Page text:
Lil Xan - TOTAL XANARCHY Album Review
To say the new wave of rap artists have been lackluster would be an understatement. The “Lils” of the world have taken over the Soundcloud hip hop scene on the back of drug promoting raps that are rapped over vibrant and fun production. Lil Pump is the poster boy for the new wave and represents everything that can be fun about these artists. On the other end of the spectrum, there is Lil Xan. The 21-year-old rapper from California likes to rap about the drugs he’s doing, but from the perspective of how those drugs help in relationships and his still-present teenage angst. His debut project, TOTAL XANARCHY, is a painful 43-minute dive into the uninteresting thoughts of Lil Xan.
The few things that make this album even a tad listenable are the features and the production. Rae Sremmurd and YG give fairly good contributions on their respective tracks and help to break up the repetitive lyricism on both songs. Charli XCX comes through on “Moonlight” with her trademark autotuned vocals that perfectly match the beautifully simplistic trap beat. “Moonlight” could have easily been from a Charli XCX album if not for Lil Xan’s terrible attempt at being Post Malone. Feature of the album goes to 2 Chainz on “Tick Tock” who lyrically runs laps around Xan and is the only reason to ever put on “Tick Tock.”
One feature very clearly highlights everything wrong with TOTAL XANARCHY though: Diplo on “Color Blind.” Anyone who has listened to this that is color blind is likely wishing they were deaf instead. The EDM track is bright and has all of the club banger elements expected, but Lil Xan calls himself “the savior” and no statement has ever been more laughable than that. As he raps about how his past “loves” have left him heartbroken, there are just confusing bars after confusing bars from the 21-year-old, who it seems has no true understanding of what love is.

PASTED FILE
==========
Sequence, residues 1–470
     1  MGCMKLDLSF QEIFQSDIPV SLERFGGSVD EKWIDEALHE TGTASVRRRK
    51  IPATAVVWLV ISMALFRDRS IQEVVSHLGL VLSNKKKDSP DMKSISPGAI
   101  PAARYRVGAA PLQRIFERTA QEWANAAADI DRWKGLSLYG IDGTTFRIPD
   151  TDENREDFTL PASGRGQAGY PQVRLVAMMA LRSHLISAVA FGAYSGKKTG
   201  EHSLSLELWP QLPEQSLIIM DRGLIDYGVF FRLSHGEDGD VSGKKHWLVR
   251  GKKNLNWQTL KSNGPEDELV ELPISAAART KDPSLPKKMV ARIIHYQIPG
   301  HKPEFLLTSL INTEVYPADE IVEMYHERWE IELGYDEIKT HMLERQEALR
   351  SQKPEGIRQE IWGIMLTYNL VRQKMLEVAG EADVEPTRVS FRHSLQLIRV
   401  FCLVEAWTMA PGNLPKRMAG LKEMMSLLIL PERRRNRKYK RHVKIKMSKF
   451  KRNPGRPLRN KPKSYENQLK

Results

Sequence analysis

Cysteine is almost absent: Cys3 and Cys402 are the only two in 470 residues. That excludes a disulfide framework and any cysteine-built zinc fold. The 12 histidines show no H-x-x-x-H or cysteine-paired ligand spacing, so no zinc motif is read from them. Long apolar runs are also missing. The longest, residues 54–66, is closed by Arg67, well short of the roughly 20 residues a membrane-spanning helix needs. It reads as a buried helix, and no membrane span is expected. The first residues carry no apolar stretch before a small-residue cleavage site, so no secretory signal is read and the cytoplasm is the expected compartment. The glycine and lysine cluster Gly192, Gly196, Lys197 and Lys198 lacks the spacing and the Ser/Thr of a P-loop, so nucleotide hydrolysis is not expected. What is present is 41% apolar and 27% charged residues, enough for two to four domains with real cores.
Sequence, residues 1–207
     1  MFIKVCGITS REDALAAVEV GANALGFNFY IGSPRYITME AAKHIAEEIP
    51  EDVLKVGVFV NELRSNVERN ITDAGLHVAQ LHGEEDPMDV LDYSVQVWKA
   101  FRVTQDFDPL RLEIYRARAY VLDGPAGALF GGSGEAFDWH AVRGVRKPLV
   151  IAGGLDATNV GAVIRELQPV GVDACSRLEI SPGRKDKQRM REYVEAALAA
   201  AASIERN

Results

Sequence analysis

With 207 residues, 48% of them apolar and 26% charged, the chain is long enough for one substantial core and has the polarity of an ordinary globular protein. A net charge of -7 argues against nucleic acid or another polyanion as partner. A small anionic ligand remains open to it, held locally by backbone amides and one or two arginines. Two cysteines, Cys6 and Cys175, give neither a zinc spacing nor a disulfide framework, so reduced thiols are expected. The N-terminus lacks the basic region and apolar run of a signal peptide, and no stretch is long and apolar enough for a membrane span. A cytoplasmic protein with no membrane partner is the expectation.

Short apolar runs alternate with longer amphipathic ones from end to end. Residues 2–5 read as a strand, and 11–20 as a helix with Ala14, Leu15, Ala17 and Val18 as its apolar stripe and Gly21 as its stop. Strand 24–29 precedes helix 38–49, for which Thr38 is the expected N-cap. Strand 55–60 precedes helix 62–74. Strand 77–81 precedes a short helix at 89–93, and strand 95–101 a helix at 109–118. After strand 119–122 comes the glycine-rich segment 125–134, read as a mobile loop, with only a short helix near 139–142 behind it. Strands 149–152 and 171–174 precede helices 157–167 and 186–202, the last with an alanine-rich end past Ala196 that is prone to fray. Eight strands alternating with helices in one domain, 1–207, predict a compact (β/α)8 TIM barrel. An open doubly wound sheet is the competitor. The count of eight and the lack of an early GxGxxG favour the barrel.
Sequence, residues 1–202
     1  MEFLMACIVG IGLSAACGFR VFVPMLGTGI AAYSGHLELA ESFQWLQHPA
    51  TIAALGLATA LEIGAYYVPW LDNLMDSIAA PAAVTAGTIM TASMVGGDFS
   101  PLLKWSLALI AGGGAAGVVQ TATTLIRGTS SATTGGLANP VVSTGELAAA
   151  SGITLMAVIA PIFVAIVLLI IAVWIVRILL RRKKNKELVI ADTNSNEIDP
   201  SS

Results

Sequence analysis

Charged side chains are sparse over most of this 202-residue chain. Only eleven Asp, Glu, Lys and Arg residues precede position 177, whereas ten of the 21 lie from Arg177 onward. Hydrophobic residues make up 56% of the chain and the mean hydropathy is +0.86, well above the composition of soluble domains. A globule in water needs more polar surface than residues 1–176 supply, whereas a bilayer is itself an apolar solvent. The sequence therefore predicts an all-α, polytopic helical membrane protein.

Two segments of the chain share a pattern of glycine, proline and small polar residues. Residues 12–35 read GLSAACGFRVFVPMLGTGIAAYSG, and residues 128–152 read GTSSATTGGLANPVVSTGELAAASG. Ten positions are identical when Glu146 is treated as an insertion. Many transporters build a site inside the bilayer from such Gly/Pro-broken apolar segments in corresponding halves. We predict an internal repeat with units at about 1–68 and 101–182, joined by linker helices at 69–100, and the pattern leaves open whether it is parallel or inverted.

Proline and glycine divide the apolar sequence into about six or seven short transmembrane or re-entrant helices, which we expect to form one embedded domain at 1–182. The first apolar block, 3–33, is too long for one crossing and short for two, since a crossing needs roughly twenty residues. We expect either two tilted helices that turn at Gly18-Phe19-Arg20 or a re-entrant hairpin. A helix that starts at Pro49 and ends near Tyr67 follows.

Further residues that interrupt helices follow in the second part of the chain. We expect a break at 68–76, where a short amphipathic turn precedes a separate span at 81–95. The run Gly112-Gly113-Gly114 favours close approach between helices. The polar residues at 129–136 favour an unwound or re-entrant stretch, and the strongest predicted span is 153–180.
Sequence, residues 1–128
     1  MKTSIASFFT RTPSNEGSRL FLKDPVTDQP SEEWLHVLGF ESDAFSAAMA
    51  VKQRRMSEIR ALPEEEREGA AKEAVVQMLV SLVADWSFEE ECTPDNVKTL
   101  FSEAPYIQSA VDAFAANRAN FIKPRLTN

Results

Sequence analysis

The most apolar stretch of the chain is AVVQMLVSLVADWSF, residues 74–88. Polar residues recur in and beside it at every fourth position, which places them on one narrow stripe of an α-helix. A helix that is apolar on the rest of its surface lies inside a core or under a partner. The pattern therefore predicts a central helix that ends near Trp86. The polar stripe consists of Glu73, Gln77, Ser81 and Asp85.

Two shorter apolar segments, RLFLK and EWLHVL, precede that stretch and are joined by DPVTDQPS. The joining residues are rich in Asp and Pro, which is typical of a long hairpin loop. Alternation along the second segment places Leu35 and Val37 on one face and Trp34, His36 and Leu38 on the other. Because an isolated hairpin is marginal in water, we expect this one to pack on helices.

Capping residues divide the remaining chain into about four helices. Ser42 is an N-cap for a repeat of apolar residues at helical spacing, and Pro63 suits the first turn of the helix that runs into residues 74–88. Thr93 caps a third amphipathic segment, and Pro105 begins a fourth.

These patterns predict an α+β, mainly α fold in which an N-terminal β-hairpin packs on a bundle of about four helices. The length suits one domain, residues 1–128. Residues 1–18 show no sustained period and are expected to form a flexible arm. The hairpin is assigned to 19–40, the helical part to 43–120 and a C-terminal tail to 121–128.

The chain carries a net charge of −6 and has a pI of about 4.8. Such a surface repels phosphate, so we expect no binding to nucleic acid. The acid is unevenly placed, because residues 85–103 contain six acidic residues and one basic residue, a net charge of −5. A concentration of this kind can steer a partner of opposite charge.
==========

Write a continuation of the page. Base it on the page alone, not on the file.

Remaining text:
If there was one song that was fun, at least some of this would be excusable. But there is just song after song that just makes the listener never want to listen to music again. On the opening track “Who I Am,” Xan proclaims that, “Xans don’t make me who I am.” To even say that when so many songs after not only speak about his xan use, but that his name is literally Lil Xan, is sad. At the same time, if he really believes that, it is funny in the same way that it is funny to laugh at that one friend who doesn’t realize he’s only funny because he’s ridiculous. Maybe if he had more material to rap about the album would be better, but Lil Xan is just interested in partying and telling you about his fairly boring life. This is all without mentioning the lead single on the album, “Betrayed,” which has one of the most ridiculous verses ever put over a trap beat.
Although Lil Xan put out an album for the kids who want to get face tattoos and be angsty with their friends, he is only 21. He has time (hopefully, for him) to get better and eventually make passable (or even good) music. Lil Xan worked with solid producers and was able to snag some quality features throughout his album. But until Lil Xan can improve on his craft and find something more interesting to rap about, it’s impossible to see him as a mainstay in hip hop.
David Arroyo is a junior majoring in broadcast journalism. To contact him, email firstname.lastname@example.org.
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